TSA: Guns in airports on the rise

TSA: Guns in airports on the rise

COLUMBUS, GA (WTVM) - The Transportation Security Administration, or TSA, is seeing a spike in prohibited items at airports across the country, including the Columbus Metro airport.

Between 2014 and 2015, TSA officials have seen a 20 percent increase in people trying to bring guns, often loaded, through security checkpoints.

Despite the warnings and rules posted in the Columbus Metro Airport, TSA supervisor Paul Tate and his team have seen an increase in all sorts of banned items.

"Anything small, like a miniature baseball bat used for souvenirs that can be used as a weapon, they can not go on the plane at all," said Tate.

While some may argue the threat of certain items like water bottles, most can see why officials don't want blunt weapons like knives and guns sneaking through security onto a plane.

In the last two years, TSA at the Columbus Airport have stopped someone each year trying to bring a firearm on a plane, but that pales in comparison to the more than 2,600 cases of people trying to bring their gun through security across the US in 2015. That's a 20 percent increase from the year before.

"We have more travelers than ever flying and we have more people than ever owning and carrying firearms, so a simple equation is more gun owners plus more travelers equals more guns at airports," said TSA representative Mark Howell.

However, it's more complicated than simply leaving the airport to take your gun back home. Trying to bring the illegal item on board could land you with a $7,500 civil fine and possibly criminal charges.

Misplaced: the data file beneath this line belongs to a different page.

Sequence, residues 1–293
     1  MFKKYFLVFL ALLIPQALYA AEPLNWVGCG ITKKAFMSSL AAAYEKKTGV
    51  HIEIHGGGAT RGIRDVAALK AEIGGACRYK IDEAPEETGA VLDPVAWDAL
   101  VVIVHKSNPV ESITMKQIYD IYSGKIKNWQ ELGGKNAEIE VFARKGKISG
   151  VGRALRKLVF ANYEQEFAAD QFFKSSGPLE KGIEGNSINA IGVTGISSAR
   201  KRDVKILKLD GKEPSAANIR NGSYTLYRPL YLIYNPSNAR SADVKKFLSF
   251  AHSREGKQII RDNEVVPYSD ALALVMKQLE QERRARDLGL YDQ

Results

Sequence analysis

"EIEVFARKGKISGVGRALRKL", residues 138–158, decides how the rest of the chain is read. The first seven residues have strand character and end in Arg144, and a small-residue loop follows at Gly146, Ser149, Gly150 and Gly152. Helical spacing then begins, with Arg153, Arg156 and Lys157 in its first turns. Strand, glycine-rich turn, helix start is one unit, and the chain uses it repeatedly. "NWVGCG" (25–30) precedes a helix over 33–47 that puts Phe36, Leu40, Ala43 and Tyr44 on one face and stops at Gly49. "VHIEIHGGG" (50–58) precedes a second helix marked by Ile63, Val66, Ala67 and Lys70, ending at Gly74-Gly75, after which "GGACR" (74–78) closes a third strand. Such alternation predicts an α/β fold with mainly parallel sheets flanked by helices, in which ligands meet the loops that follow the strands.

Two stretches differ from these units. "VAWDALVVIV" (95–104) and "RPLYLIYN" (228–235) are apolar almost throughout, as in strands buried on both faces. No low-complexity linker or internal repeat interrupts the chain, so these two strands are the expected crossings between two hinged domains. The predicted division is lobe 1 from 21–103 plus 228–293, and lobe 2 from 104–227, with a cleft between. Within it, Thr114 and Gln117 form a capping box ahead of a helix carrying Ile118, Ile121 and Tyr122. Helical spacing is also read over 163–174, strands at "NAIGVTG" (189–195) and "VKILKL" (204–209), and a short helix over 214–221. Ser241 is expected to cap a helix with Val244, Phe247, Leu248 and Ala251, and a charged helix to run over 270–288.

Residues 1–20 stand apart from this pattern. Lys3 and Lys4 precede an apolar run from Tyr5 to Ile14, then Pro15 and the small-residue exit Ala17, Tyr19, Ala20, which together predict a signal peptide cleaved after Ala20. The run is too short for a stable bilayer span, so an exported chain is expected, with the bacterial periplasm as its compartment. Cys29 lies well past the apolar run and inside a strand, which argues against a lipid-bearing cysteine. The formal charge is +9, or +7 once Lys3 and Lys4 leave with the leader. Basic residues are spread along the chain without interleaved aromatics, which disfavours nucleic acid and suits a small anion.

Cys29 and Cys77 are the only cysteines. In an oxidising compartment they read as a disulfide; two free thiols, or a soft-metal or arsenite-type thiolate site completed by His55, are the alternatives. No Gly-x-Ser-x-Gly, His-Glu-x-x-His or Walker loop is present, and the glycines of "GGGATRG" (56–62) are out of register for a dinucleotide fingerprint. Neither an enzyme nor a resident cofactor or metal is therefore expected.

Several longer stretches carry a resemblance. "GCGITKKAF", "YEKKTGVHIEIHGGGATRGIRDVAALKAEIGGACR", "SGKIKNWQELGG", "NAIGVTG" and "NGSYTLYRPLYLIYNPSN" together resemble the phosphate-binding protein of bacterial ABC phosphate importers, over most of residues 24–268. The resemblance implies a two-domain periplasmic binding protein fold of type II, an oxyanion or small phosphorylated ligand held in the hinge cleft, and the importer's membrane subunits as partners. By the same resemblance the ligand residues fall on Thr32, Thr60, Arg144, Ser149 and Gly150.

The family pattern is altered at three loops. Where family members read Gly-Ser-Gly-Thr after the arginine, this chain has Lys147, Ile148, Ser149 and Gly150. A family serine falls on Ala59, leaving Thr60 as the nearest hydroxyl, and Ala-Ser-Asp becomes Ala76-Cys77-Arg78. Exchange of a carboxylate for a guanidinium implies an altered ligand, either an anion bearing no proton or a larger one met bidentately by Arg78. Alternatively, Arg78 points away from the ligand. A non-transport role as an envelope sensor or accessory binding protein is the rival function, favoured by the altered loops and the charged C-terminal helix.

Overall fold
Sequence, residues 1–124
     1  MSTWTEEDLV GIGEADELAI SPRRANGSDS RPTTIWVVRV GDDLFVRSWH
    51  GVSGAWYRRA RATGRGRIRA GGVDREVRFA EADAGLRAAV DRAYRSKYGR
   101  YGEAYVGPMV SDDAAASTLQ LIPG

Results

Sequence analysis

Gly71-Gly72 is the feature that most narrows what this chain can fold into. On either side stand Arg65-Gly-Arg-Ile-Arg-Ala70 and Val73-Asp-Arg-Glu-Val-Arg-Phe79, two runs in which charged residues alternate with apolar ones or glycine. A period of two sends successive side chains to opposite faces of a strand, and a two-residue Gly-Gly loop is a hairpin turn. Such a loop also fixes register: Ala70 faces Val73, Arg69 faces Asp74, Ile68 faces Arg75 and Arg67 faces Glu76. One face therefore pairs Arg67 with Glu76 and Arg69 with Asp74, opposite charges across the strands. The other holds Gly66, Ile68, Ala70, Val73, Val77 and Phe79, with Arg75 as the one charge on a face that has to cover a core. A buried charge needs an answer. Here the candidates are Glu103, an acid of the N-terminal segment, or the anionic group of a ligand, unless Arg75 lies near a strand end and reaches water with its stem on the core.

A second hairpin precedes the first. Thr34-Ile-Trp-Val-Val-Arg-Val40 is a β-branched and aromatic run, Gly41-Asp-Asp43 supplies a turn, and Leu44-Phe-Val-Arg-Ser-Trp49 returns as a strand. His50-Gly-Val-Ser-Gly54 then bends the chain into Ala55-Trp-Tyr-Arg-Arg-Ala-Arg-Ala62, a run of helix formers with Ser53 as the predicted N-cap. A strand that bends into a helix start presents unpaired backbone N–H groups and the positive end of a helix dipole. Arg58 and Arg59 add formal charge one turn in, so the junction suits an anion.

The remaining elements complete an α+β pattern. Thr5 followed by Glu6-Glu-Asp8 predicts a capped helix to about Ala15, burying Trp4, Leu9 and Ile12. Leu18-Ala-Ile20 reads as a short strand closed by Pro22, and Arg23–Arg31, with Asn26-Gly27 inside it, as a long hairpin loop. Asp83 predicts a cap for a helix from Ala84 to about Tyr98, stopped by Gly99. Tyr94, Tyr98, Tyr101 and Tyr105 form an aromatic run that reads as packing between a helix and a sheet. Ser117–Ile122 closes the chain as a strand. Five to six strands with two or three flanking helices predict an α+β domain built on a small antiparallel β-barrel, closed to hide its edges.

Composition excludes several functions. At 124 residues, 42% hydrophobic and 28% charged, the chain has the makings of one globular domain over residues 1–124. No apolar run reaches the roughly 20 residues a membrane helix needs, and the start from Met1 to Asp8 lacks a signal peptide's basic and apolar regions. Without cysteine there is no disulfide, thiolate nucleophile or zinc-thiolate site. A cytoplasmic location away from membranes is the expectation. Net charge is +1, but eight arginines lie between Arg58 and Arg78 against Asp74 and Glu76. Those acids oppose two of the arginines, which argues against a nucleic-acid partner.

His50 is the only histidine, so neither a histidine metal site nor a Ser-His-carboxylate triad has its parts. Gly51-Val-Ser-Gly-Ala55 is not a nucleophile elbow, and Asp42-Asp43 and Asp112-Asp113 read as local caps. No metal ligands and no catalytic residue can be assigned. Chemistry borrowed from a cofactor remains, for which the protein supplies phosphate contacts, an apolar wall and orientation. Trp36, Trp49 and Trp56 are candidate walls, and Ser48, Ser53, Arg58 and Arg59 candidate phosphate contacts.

"Whenever we have an illegal item or a firearm come to the check point, what we're going to do is we have an alarm inside the checkpoint, we're going to hit that alarm, and local law enforcement is going to respond," said Howell.

If you want your gun to meet you at your final destination, the only way you can send it is through checked luggage.

"If you want to travel with a firearm you can do so, you just have to have it in a checked bag, it has to be in a hard-sided case with padding, unloaded, or the ammunition needs to be stored separately from the fire-arm, the box needs to be locked, and it has to be declared to the airline that you're flying on," said Howell.

TSA officials recently found that passengers can go through the Columbus Airport security check point in about three and a half minutes without any prohibited items. That number spikes to 15 minutes if you're carrying items you can't bring on board. 

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